Found 287 article(s) in category 'Trade Policy'

Working With a Rising India: A Joint Venture for the New Century

Working With a Rising India: A Joint Venture for the New Century, Nicholas Burns, November 12, 2015, Video. “What lies ahead for the U.S.-India relationship, and what should Washington put at the top of its India agenda? Over the past several months, the Council on Foreign Relations sponsored an Independent Task Force on U.S.-India Relations—co-chaired by Charles R. Kaye, co-chief executive officer at Warburg Pincus; and Joseph S. Nye Jr., university distinguished service professor at the Harvard Kennedy School of Government; and directed by Alyssa Ayres, CFR senior fellow for India, Pakistan, and South Asia—to examine developments in India, assess India’s likely future trajectory, and identify further opportunities for U.S. foreign policy. The Task Force finds that partnership with a rising India offers one of the most substantial opportunities to advance U.S. national interests over the next two decades, and urges U.S. policymakers to adopt a new approach to the U.S.-India bilateral relationship going forward—a “joint venture” for the new century.Link

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Working With a Rising India: A Joint Venture for the New Century

Working With a Rising India: A Joint Venture for the New Century. Joseph Nye, November 2015, Book. “Over the past ten years, India, the world’s largest democracy, has lifted more than 130 million people out of poverty. The country has rebounded from a recent economic growth slump, surpassing China this year to become the world’s fastest-growing major economy. “If India can maintain its current growth rate, let alone attain sustained double digits, it has the potential over the next two to three decades to follow China on the path to becoming another $10 trillion economy,” notes the Task Force. With Indian Prime Minister Narendra Modi’s prioritization of economic growth and foreign policy revitalization, the country now has a window of opportunity to either make the necessary reforms or risk being left behind. “[India] will have to decide whether it wants to become a major part of global trade flows and deeply integrated into global supply chains. Doing so would boost India’s efforts to grow its manufacturing sector and its economy; choosing not to will make that ambition harder to achieve.”Link

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Lessons Learned from Three Decades of Experience with Cap and Trade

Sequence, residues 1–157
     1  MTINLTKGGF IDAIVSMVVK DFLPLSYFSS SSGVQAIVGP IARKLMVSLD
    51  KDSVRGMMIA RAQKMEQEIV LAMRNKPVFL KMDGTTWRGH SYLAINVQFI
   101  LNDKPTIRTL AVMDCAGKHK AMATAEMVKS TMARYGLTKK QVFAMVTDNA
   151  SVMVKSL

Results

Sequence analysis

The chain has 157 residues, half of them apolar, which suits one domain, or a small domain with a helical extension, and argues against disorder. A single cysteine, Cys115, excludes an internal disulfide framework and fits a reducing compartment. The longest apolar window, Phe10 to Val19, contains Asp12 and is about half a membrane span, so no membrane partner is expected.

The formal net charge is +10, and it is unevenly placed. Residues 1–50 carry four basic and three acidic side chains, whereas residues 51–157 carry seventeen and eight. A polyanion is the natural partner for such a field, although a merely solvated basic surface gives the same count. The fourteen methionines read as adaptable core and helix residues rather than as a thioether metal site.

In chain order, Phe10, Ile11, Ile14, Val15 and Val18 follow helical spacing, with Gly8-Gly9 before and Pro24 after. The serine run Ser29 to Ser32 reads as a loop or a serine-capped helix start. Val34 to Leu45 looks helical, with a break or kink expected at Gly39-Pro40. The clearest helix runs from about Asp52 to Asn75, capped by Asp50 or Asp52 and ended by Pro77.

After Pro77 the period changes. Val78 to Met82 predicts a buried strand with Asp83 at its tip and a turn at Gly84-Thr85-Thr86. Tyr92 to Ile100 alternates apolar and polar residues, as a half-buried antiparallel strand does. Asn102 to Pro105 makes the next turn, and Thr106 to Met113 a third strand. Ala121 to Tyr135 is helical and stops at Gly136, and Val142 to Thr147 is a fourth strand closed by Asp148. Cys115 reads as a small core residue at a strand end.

Lessons Learned from Three Decades of Experience with Cap and Trade. Robert Stavins, November 2015 Paper, “The article discusses the important insights on the design and performance of emissions trading schemes that implemented over the past 30 years which provides lessons for future applications of environmental policy instrument. Topics discussed include emission reduction credit systems used in the Clean Development Mechanism (CDM) which is part of Kyoto Protocol, the Regional Clean Air Incentives Market (RECLAIM) in southern California, and the trading of nitrogen oxides in the U.S.Link

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Online Supplement for Trade and Inequality: From Theory to Estimation

Online Supplement for Trade and Inequality: From Theory to Estimation. Elhanan Helpman, October 28, 2015, Paper. “This online supplement contains the technical derivations for the theoretical results in the paper and reports additional empirical results and other information. Section B discusses reduced-form empirical findings for other countries that are consistent with our stylized facts for Brazil in Section 3 of the paper. Section C provides a full characterization of the structural model and discusses the relationship between the reduced-form coecients and structural parameters. Section D deals with econometric inference, including the derivation of the likelihood function and the generalized method of moments (GMM) bounds analysis. Section G discusses the data sources and denitions. Section H contains additional empirical results and robustness checks referred to in the paper.Link

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Conversation With Harvard’s John F. Kennedy School of Government Director of the Belfer Center for Science and International Affairs Professor Graham Allison